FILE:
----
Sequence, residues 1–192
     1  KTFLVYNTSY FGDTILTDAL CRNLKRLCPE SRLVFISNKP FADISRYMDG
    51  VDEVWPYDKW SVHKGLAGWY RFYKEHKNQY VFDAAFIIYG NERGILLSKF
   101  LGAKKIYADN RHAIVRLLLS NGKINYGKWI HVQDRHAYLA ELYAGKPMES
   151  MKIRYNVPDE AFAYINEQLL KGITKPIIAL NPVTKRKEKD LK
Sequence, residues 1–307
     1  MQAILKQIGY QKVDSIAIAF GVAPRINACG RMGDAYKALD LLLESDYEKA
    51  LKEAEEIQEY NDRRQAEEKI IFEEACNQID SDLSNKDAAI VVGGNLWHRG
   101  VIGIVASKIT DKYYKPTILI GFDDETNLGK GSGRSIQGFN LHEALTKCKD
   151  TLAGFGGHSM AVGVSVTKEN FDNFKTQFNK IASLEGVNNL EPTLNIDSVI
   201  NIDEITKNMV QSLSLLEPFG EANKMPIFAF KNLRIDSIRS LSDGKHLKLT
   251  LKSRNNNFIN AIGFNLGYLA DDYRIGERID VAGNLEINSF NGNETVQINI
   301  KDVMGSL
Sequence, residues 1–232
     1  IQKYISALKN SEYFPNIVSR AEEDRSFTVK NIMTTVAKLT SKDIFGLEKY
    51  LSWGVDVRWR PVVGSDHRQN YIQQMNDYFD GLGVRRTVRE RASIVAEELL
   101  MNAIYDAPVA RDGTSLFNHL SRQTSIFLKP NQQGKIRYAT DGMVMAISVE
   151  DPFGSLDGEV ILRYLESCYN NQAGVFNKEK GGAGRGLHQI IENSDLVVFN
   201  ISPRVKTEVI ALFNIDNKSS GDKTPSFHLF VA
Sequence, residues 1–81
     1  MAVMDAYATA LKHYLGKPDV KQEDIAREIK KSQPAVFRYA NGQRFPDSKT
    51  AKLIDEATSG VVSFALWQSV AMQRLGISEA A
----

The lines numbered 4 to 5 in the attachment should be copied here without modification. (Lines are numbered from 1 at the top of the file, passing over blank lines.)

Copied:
   101  LGAKKIYADN RHAIVRLLLS NGKINYGKWI HVQDRHAYLA ELYAGKPMES
   151  MKIRYNVPDE AFAYINEQLL KGITKPIIAL NPVTKRKEKD LK